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Syria rejects US claims on chemical weapon use

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Damascus, Feb 4: The Syrian Foreign Ministry has rejected the US claims about the Syrian government using chemical weapons in the war as “lies.”

The ministry said in a statement on Saturday that the US remarks about the use of chemical weapons in the Eastern Ghouta region of the east of the capital Damascus are “false claims”, Xinhua news agency reported.

Such allegations were timed to undermine the efforts to resolve the Syrian war through a peaceful settlement between the Syrians without foreign interventions, it noted.

The Syrian government reaffirms its position against the use of chemical weapons, and Syria has handed over all its chemical arsenals to the Organisation for the Prohibition of Chemical Weapons, the ministry said.

The US and its allies are “desperately” searching for a pretext to target Syria, following the success of the Syrian army in its war against terror-designated militant groups across Syria, it pointed out.

US Defence Secretary Jim Mattis recently threatened Syria with a military action if hard evidence is found to back up the claims of another sarin attack in Syria.

Last month, activists claimed the Syrian forces used chlorine in an attack on the rebel-held Eastern Ghouta countryside of Damascus, causing 21 people to suffer from breathing difficulties.

In April last year, the US struck a military base in central Syria with more than 50 Tomahawk missiles, in retaliation for an alleged chemical attack by the government forces on a rebel-held town in the northwestern province of Idlib.

The Syrian government denied the accusations, saying it’s rebels who mounted the attack to frame the government and draw in a military action from the US.

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All options under study: Imran’s advisor on India’s MFN move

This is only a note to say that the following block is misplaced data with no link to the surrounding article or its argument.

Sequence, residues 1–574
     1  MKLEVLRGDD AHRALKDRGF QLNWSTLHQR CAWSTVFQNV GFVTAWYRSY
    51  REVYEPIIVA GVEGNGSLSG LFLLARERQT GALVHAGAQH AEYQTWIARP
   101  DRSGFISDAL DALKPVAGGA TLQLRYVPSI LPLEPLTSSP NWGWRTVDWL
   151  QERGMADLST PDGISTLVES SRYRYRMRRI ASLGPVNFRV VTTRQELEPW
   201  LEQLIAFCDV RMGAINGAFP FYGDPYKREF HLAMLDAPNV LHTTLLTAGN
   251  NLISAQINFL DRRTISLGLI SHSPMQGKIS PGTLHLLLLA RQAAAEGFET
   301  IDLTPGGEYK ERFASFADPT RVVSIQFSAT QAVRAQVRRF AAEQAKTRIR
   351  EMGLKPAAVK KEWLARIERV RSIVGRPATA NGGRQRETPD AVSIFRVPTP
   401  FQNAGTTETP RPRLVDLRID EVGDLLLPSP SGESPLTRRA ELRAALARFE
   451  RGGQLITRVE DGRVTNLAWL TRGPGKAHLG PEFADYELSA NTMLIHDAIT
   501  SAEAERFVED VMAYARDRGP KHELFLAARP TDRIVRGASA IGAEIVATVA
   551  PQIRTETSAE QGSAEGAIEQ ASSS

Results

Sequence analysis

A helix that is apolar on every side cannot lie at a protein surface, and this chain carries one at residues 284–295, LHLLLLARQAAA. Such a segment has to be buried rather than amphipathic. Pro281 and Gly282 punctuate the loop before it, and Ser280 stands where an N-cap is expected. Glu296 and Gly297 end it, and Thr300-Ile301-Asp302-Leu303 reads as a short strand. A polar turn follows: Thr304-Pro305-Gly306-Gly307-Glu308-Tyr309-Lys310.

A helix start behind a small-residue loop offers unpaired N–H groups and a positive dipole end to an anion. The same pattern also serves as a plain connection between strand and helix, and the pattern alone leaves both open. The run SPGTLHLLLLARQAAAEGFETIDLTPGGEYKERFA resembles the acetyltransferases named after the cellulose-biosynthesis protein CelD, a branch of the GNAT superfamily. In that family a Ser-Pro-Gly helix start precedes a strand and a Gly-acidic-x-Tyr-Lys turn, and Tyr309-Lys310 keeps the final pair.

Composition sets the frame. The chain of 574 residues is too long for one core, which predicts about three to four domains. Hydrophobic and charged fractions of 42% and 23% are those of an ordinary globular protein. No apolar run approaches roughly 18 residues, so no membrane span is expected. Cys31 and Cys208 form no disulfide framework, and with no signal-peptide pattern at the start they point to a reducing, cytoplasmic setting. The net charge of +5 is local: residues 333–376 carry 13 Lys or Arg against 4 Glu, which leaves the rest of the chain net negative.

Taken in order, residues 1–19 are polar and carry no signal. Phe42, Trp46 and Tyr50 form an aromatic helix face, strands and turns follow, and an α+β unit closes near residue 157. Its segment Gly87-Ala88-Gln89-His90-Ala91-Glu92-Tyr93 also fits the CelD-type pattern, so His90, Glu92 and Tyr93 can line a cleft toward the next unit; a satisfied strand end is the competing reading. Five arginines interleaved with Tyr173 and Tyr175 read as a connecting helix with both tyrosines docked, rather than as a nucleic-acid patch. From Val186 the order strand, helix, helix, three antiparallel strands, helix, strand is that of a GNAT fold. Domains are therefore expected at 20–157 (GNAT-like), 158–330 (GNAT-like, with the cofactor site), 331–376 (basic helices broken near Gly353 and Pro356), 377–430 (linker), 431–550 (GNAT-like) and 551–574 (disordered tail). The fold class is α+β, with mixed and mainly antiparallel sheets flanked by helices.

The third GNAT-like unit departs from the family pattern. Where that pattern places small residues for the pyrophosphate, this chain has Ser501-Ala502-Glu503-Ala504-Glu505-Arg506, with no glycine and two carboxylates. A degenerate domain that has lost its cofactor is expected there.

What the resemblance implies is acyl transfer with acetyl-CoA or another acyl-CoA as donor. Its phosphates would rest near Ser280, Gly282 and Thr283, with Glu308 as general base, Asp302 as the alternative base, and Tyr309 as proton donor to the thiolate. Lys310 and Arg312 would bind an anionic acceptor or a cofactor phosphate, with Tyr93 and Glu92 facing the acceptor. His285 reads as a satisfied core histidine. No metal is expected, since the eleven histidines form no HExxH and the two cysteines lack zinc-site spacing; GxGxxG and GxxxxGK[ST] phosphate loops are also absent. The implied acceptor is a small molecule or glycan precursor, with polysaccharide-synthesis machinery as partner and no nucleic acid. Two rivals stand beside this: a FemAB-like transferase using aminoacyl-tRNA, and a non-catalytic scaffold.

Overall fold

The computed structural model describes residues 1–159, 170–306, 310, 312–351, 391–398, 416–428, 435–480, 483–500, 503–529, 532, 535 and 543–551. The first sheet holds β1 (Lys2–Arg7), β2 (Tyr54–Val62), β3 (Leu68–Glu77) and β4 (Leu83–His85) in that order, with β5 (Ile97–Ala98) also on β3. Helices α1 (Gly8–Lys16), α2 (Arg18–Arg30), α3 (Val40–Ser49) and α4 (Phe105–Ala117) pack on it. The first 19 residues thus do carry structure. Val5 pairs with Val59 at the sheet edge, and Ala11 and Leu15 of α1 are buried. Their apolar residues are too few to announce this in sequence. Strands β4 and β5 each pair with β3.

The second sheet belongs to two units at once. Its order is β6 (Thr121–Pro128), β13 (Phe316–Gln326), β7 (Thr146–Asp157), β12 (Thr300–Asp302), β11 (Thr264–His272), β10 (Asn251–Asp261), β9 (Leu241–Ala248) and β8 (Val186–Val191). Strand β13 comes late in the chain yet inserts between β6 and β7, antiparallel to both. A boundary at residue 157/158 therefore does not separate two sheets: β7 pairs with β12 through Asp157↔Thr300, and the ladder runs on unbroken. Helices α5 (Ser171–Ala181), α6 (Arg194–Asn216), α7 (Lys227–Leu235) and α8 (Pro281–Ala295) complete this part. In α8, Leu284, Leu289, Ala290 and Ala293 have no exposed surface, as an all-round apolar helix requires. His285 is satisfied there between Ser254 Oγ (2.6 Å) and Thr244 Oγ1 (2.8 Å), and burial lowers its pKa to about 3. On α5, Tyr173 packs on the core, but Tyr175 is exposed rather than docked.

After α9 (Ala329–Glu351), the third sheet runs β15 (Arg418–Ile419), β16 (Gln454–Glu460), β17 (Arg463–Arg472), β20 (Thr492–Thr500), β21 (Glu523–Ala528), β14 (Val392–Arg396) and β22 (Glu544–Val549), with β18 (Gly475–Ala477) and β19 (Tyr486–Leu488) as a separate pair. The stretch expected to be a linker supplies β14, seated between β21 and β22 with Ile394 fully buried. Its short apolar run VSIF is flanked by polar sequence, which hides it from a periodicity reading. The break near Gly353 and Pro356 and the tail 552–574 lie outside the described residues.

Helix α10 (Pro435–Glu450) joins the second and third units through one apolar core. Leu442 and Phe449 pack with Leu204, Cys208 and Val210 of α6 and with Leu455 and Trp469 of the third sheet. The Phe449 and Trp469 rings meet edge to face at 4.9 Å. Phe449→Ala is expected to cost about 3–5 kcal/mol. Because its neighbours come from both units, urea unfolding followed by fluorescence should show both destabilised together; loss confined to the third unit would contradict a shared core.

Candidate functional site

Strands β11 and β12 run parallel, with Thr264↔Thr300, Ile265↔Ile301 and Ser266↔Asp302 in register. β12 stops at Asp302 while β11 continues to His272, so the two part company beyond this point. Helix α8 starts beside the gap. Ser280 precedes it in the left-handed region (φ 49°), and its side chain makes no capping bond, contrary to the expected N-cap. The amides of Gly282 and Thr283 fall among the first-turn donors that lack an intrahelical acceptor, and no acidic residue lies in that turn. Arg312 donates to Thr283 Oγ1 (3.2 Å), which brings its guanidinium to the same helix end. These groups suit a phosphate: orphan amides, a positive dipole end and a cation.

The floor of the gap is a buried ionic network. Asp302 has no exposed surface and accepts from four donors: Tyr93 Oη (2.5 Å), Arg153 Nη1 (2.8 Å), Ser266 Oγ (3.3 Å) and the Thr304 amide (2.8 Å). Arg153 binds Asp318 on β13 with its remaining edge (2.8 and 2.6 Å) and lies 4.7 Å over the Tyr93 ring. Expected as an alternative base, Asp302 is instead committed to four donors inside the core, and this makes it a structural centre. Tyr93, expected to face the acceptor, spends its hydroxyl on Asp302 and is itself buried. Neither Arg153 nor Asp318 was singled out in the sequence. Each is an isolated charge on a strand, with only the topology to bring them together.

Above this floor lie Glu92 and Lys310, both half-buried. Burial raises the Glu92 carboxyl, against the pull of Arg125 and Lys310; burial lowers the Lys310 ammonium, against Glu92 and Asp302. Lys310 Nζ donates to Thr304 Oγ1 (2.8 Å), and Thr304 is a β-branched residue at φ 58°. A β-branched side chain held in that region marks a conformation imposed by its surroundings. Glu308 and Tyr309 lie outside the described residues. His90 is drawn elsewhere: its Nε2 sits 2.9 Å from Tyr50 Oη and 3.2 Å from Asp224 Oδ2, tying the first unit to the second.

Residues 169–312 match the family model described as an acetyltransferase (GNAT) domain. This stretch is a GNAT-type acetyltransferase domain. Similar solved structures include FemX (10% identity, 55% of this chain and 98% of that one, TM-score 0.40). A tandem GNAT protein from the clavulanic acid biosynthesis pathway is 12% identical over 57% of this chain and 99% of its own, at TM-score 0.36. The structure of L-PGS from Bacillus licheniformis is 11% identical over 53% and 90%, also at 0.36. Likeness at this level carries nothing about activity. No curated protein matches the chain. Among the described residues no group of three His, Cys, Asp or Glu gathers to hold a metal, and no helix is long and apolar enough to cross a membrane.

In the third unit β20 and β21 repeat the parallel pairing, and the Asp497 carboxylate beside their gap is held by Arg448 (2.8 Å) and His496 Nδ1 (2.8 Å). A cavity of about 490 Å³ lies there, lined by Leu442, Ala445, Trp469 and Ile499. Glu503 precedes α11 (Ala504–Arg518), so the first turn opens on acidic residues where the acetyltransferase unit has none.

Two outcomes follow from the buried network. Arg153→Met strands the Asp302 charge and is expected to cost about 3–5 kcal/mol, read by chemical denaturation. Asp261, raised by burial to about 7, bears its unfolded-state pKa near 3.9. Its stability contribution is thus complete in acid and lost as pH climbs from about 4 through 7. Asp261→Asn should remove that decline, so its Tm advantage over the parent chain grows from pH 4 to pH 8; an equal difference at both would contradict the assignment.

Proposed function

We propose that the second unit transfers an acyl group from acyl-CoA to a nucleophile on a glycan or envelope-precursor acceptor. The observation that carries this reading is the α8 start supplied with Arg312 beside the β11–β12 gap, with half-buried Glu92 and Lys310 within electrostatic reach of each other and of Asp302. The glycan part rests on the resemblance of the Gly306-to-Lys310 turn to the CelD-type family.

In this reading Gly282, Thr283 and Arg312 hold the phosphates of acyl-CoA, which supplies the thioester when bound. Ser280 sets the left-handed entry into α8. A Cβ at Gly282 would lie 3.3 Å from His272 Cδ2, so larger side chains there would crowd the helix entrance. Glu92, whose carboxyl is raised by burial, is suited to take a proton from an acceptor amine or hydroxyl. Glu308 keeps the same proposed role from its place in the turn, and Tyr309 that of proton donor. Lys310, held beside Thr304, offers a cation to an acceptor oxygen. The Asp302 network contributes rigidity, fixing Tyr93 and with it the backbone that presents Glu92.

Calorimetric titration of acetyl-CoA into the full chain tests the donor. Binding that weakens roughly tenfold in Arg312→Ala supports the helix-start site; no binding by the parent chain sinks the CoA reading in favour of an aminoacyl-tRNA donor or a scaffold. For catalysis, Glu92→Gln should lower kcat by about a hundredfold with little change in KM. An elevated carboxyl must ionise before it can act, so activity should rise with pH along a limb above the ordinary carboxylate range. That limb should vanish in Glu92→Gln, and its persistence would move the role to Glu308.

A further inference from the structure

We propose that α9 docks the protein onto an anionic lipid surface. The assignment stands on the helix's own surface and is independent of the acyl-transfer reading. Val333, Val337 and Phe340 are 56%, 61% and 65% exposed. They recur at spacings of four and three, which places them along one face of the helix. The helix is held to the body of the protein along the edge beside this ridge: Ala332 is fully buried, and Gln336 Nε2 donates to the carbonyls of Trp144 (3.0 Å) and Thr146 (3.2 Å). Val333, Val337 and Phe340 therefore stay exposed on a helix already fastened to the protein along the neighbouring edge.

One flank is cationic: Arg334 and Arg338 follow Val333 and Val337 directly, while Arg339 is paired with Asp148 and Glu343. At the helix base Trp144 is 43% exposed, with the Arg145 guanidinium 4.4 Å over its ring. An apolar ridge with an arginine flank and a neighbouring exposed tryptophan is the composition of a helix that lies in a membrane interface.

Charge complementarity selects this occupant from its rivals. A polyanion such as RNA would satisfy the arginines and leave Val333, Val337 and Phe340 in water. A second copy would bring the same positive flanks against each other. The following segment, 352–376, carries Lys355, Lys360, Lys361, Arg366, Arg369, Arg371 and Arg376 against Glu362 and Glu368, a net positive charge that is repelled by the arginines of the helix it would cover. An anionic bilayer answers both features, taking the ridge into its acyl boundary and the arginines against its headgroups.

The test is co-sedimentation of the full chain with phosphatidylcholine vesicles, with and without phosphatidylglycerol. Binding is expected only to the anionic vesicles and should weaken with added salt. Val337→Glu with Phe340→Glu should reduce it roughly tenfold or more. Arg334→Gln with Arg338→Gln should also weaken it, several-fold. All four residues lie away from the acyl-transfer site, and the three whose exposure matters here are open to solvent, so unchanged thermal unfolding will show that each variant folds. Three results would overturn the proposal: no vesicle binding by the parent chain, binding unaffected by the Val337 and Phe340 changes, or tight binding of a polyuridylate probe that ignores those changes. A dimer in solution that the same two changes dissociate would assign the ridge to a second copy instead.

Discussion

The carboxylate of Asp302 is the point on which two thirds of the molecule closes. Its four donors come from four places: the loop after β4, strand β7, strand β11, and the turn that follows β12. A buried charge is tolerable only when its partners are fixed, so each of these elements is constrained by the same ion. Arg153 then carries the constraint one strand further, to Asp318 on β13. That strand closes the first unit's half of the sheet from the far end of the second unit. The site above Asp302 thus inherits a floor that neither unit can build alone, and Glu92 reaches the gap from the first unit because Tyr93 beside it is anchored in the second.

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Protest against CRPF Attack

Islamabad, Feb 16 (IANS) Pakistan will consider all available options to retaliate for the Indian governments decision to withdraw the Most Favo­ured Nation (MFN) status, Prime Minister Imran Khan’s Advisor on Commerce Razak Dawood has said.

India withdrew the MFN status it gave to Pakistan in 1996 following the February 14 terror attack in Jammu and Kashmir’s Pulwama district that has till now claimed the lives of 49 Central Reserve Police Force (CRPF) troopers.

Dawood said on Friday that Pakistan might take unilateral measures against India or revoke concessions under the South Asia Preferential Trade Agreement (Sapta) and might take up the issue in the Geneva-based World Trade Organisation, Dawn online reported on Saturday.

“We would not overreact… We would take action with great care,” he added while addressing the media at the office of board of investment on Saudi Crown Prince Mohammad bin Salman’s visit.

A Jaish-e-Mohammed (JeM) terrorist crashed a car bomb into a CRPF convoy in Pulwama district on the Srinagar-Jammu Highway on Thursday, making it the worst ever attack on security forces on any single day since a separatist campaign broke out in Jammu and Kashmir in 1989. It drew international condemnation.

The attack further damaged the already tense India-Pakistan diplomatic relations, with New Delhi saying it had evidence of Islamabad’s involvement in the carnage. Pakistan, however, dismissed accusations that it had links with the militants behind the attack.

Pakistan Foreign Secretary Tehmina Janjua met the envoys of the five Permanent Members of the UN Security Council – US, Russia, China, France and UK – on Friday and denied her country’s role in the dastardly strike.